• Make a payroll tax credit election within the above noted dollar limitation on a timely and originally filed business tax return (including extensions). Please note, this election is irrevocable and cannot be made on an amended tax return or be claimed for more than five consecutive years
  • Calculate the refundable payroll tax credit (Form 8974) and report it on a quarterly payroll tax return (Form 941). The payroll tax offset is available during the first quarter after the QSB tax or information return is filed. Hence, assuming a calendar year-end, the earliest your company can realize a benefit is October of 2017, if your tax return is filed on April 15, 2017, or January of 2018, if it is filed on September 15, 2017. The refundable payroll tax credit cannot exceed OASDI liability for the quarter with any excess being carried forward to the following quarter
  • Substantiate the R&D Credit claimed. Historically, the credit has been a hot and controversial issue during IRS examinations. Up to this point, unprofitable companies had been receiving little or no attention from federal and state tax authorities regarding credit claims. Lack of tax benefit usually translates into a lack of attention. The PATH Act has changed this. With the new legislation turning the R&D Credit into actual cash savings, companies will surely be subjected to greater scrutiny in this area. Therefore, ensuring the Credit is calculated correctly and is properly documented is key to later defending the credit claimed. Now is the right time to find a team of specialists with deep technical knowledge in this complicated area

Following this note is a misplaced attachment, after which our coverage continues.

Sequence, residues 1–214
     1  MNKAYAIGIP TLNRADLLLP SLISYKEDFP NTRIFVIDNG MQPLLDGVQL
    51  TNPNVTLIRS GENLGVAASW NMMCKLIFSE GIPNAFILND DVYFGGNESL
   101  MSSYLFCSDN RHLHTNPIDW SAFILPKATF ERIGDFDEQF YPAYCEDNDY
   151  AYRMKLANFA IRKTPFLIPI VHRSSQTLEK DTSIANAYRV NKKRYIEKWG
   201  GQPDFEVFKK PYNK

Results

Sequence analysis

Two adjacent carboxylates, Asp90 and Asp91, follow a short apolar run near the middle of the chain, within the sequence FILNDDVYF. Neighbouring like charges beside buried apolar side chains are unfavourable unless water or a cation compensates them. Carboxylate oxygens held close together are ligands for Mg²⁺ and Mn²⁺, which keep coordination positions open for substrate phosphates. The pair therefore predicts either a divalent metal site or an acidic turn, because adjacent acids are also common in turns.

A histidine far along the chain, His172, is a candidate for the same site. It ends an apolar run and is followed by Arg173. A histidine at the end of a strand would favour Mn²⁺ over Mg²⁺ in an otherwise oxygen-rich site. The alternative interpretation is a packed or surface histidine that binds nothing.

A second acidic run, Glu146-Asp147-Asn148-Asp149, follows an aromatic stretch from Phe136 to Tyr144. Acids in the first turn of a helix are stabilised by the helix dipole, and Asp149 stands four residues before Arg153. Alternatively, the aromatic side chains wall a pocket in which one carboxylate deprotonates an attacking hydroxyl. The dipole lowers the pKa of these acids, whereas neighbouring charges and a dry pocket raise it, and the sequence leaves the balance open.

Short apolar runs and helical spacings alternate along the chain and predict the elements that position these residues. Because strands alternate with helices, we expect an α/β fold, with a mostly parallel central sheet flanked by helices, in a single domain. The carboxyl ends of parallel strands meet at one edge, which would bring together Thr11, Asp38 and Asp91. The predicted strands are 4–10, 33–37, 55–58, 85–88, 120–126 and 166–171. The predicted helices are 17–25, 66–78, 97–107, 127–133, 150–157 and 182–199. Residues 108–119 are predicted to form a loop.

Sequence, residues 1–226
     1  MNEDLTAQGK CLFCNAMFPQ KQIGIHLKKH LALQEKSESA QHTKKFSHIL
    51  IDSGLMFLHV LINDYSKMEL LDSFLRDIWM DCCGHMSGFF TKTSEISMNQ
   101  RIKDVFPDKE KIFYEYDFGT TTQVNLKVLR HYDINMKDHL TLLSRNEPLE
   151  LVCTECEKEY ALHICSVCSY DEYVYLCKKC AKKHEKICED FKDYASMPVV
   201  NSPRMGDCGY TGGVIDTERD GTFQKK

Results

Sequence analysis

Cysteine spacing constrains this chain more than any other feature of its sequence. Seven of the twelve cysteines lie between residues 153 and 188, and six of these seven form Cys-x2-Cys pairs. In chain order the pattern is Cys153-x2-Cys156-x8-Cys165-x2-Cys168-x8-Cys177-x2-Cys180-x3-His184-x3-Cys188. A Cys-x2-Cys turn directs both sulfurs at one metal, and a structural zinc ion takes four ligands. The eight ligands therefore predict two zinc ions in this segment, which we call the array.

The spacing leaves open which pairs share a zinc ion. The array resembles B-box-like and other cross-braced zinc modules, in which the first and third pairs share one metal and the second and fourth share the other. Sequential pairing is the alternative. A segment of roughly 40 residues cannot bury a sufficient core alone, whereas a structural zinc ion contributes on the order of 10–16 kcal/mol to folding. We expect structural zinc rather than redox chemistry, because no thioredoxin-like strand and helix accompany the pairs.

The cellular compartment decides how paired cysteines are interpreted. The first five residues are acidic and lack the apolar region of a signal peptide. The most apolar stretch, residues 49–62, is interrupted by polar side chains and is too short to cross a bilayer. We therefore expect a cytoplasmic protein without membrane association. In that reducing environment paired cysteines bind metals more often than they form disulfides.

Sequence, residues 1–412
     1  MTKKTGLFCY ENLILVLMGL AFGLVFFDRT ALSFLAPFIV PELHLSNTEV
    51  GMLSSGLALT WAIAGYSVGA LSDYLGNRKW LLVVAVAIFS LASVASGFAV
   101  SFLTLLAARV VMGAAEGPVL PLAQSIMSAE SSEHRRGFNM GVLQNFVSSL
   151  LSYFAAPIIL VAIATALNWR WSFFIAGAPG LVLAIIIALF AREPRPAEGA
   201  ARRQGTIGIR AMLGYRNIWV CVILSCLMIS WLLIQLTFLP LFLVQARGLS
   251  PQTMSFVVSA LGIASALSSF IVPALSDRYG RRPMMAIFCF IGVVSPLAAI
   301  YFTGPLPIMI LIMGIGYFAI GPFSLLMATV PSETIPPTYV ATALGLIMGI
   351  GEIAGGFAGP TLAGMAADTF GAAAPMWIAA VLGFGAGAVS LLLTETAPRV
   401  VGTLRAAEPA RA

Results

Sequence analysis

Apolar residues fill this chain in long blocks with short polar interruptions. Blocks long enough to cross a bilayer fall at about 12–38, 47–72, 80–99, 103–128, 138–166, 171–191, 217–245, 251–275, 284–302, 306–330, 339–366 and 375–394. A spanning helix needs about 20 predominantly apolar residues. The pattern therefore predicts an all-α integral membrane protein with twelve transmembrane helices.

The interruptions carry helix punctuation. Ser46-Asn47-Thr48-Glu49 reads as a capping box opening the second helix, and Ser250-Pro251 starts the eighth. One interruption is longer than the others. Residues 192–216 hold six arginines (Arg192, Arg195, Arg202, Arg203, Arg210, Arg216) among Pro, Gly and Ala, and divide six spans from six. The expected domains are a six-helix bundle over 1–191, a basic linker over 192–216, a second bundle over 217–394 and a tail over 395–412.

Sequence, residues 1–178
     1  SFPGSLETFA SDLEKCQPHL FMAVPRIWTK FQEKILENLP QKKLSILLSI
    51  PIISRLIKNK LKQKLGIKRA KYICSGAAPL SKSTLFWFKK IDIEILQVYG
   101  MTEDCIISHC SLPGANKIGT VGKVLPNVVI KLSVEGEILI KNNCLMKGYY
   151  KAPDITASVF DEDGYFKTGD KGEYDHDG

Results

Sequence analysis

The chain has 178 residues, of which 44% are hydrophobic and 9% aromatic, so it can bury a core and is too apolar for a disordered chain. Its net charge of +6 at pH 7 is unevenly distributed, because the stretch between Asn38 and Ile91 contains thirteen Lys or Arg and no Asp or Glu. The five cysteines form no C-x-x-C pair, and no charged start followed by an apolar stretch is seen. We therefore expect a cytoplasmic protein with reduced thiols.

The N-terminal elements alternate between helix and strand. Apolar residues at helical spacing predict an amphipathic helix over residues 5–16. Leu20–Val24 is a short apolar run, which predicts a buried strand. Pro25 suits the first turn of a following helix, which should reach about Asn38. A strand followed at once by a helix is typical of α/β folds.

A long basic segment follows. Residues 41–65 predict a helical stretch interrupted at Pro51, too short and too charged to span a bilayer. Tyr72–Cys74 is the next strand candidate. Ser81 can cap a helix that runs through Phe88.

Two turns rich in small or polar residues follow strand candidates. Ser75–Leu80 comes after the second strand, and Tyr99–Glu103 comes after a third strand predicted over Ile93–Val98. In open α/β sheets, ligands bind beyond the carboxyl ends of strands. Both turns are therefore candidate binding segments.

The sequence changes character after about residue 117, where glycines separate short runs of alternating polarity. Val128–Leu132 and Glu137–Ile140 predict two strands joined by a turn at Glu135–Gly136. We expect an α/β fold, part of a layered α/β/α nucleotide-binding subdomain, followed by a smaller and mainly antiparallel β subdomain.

How It Works in Practice
The concept of payroll tax credit can be better understood through an illustrative example. Let’s play the same scenario under both the pre-PATH and the PATH Act legislation.

“ZZZ” is a Boston-based robotics company founded in 2016. Being a lucrative investment option for its visionary ideas and stunning growth, the company just raised a Series A round at $35 million from “Friendly VC”. ZZZ has a federal research credit of $150,000 for developing human-like helper robots. Under the old provision, as a company with losses-to-date, ZZZ is not able to instantly monetize its R&D Credit and, instead, carries the Credit forward until it becomes taxable.

However, with the legislative changes brought by the new PATH Act, ZZZ is able to derive some tax benefit for its development efforts. The company’s 2017 payroll is at $2 million, hence, its social security tax to be paid is $124,000. ZZZ meets the legislative definition of a QSB. Therefore, it can take a payroll tax credit of $124,000 with $26,000 becoming subject to the credit carryforward rules. ZZZ can now invest its before-tax savings of $124,000 in accordance with its current business needs.

Talk to Us
The R&D Tax Credit has a well-deserved reputation of being a controversial and subjective matter among taxpayers, tax authorities, and tax professionals. Now, in the light of the new legislation, even more issues can arise. If you have questions, would like additional information, or want us to talk you through how this new legislation impacts and can benefit your business, please, do not hesitate to reach out to:

Joseph Burnett, CPA, Tax Senior Manager, at 617-428-5494 or, or
Hanna Mialik, CPA, Tax Staff, at 617-933-3359 or